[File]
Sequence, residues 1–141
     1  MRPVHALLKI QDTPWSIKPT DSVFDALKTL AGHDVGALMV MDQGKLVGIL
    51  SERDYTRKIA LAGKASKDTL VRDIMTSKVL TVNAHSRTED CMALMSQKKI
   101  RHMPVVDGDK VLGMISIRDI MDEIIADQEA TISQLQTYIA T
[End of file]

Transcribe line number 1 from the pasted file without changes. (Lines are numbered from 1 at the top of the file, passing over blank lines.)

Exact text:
Sequence, residues 1–141